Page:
Doctor offers second opinion on medical school interviews - Macleans.ca

Doctor offers second opinion on medical school interviews

Multiple Mini Interview criticized (and defended)

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Photo courtesy of Tulane Public Relations on Flickr

Medical school applicants at the University of British Columbia will no longer take part in a block-building exercise, reports the Vancouver Sun.

But the other exercises that make-up the school’s Multiple Mini Interview (MMI) process are here to stay, according to Dr. Joseph Finkler, associate dean of admissions at UBC.

The news comes after Dr. Brian Day, former head of the Canadian Medical Association, wrote an editorial in the B.C. Medical Journal, calling the MMI process “contrived, artificial, and bizarre.”

The MMI, now the norm in Canada, requires that applicants move through several different stations to be assessed by interviewers who attempt to discern motivation, social concern, creativity, maturity, integrity, empathy and more.

At UBC that includes a station where students imagine themselves as an animal, a station where actors fight in front of the applicants, and—until now—the blocks station. Finkler told The Sun that the block station didn’t perform well as an indicator, which is why it won’t be part of the MMI next year.

MMI is an increasingly common way to pick doctors in Canada. It was developed at McMaster in 2002 and quickly spread to a majority of Canadian medical schools—and beyond. A 2004 study published in the journal Medical Education found that it reduces interviewer bias and provides valuable insights into applicants’ abilities. A 2007 study in Medical Education found correlations between MMI results and later performance in clerkships and on national licensing exams.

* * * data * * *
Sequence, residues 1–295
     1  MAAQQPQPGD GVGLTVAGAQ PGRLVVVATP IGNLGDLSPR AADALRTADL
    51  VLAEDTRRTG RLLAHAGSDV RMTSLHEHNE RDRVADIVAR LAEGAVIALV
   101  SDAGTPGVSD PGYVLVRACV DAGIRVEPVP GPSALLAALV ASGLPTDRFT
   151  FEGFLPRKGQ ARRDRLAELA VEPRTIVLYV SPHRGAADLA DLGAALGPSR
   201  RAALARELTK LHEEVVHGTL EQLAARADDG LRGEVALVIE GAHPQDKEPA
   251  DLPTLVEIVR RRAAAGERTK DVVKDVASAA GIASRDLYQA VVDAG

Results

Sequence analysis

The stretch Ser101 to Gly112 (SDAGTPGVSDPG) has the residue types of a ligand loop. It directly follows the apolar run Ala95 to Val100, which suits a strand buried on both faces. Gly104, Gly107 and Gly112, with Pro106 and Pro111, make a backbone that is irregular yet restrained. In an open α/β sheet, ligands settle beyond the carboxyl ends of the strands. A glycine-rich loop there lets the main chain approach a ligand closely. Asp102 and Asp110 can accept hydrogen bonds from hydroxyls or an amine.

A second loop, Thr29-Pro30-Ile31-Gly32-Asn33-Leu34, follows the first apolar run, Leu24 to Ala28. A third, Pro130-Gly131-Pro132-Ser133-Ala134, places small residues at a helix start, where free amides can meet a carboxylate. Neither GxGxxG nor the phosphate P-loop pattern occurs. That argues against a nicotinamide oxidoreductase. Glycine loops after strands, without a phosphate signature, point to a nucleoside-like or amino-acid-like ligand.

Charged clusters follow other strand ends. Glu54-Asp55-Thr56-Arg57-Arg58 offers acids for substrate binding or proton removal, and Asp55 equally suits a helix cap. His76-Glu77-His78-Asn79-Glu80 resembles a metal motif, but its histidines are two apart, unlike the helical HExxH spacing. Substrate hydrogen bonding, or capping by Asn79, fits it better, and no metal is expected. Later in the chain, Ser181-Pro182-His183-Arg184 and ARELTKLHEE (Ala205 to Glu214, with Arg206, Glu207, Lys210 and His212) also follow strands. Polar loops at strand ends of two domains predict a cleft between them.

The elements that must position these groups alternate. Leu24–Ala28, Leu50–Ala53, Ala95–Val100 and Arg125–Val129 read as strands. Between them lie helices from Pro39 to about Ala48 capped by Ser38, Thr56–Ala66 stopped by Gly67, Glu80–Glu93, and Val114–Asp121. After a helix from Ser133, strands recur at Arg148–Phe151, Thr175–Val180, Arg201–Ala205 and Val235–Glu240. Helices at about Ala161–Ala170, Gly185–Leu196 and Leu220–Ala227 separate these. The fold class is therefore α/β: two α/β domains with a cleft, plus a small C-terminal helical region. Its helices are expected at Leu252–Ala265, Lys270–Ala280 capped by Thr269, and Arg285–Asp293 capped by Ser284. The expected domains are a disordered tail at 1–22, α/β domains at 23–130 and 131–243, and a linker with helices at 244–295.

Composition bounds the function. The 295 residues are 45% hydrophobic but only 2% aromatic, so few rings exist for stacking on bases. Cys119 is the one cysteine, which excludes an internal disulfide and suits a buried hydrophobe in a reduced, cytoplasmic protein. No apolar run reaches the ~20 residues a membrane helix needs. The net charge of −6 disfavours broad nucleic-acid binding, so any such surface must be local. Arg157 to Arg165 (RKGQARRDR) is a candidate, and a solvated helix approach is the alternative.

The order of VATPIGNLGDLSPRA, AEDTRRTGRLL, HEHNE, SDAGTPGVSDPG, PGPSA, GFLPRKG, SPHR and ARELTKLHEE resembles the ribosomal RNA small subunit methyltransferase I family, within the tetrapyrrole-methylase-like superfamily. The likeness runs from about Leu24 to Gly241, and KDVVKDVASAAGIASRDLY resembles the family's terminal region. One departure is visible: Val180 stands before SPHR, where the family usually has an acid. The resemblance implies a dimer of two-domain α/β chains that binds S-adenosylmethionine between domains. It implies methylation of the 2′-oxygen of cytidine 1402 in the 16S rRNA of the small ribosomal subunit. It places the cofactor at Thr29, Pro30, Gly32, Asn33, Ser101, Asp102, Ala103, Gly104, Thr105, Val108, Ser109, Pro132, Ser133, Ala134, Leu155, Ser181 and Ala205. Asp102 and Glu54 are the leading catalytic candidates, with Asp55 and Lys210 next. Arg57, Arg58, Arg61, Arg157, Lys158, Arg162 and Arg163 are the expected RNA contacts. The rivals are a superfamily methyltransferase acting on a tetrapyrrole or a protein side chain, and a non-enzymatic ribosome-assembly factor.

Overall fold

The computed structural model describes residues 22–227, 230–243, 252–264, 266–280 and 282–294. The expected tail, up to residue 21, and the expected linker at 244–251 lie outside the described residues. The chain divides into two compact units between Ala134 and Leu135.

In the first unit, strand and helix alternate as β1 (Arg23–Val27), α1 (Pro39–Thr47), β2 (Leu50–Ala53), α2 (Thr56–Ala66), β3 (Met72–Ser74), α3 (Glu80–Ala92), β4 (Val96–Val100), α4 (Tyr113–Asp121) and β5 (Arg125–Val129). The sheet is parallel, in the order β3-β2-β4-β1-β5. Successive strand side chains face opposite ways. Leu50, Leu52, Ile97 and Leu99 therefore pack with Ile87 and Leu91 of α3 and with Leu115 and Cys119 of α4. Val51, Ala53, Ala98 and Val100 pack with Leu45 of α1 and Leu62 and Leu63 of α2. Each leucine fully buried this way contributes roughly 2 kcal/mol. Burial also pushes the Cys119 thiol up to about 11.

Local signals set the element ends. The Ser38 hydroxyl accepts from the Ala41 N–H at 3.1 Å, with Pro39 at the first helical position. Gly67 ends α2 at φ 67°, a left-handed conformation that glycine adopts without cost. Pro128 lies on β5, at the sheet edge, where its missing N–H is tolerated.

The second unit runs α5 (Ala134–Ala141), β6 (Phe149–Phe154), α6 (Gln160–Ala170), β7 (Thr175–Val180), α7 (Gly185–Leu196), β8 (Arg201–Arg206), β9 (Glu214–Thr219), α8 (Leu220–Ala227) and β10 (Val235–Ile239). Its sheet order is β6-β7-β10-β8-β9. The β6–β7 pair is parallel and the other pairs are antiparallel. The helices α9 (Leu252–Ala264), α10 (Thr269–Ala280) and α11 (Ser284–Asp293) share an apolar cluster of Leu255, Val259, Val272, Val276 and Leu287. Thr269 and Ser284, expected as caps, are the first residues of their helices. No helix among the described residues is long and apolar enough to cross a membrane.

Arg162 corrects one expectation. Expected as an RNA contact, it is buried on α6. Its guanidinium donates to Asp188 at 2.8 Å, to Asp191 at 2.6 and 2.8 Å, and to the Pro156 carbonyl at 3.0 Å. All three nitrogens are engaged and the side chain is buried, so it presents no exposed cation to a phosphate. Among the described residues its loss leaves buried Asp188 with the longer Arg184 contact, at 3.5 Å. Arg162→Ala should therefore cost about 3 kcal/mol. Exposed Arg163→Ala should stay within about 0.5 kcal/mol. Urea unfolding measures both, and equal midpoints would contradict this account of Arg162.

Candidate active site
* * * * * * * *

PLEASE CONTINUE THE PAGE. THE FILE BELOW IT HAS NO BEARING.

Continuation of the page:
But Day argues in his editorial that the old system, with a single physician interviewer, was less biased. “At a recent meeting of a group that included many successful leaders in our profession, this topic was raised,” he explains. “Virtually none of those present felt they would have succeeded in gaining entry to medical school if current methodologies had applied in their time.”

Day admits that Canada’s medical schools end up with good doctors, but he says that’s simply because so many apply. Indeed, in-province success rates for medical school admissions range from four per cent at Northern Ontario School of Medicine to 39 per cent at Dalhousie University, according to the Association of Faculties of Medicine of Canada.